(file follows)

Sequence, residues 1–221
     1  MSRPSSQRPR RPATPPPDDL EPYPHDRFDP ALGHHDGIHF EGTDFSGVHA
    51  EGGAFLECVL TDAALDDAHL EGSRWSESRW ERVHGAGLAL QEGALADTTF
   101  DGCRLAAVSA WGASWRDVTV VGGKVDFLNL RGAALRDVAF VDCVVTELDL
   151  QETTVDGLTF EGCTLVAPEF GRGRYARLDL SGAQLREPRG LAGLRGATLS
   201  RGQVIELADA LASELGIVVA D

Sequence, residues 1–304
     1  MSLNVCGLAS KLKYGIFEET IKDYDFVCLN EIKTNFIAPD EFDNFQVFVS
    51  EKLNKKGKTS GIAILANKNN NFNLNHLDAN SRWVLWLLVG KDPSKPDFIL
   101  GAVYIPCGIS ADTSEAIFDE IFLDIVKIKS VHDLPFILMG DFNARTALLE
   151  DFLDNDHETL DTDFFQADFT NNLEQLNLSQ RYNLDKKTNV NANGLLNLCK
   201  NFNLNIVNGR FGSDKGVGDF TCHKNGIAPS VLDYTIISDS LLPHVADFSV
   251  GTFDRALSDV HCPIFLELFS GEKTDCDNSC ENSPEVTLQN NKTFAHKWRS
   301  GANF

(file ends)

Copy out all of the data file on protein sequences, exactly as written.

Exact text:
Sequence, residues 1–221
     1  MSRPSSQRPR RPATPPPDDL EPYPHDRFDP ALGHHDGIHF EGTDFSGVHA
    51  EGGAFLECVL TDAALDDAHL EGSRWSESRW ERVHGAGLAL QEGALADTTF
   101  DGCRLAAVSA WGASWRDVTV VGGKVDFLNL RGAALRDVAF VDCVVTELDL
   151  QETTVDGLTF EGCTLVAPEF GRGRYARLDL SGAQLREPRG LAGLRGATLS
   201  RGQVIELADA LASELGIVVA D

Sequence, residues 1–304
     1  MSLNVCGLAS KLKYGIFEET IKDYDFVCLN EIKTNFIAPD EFDNFQVFVS
    51  EKLNKKGKTS GIAILANKNN NFNLNHLDAN SRWVLWLLVG KDPSKPDFIL
   101  GAVYIPCGIS ADTSEAIFDE IFLDIVKIKS VHDLPFILMG DFNARTALLE
   151  DFLDNDHETL DTDFFQADFT NNLEQLNLSQ RYNLDKKTNV NANGLLNLCK
   201  NFNLNIVNGR FGSDKGVGDF TCHKNGIAPS VLDYTIISDS LLPHVADFSV
   251  GTFDRALSDV HCPIFLELFS GEKTDCDNSC ENSPEVTLQN NKTFAHKWRS
   301  GANF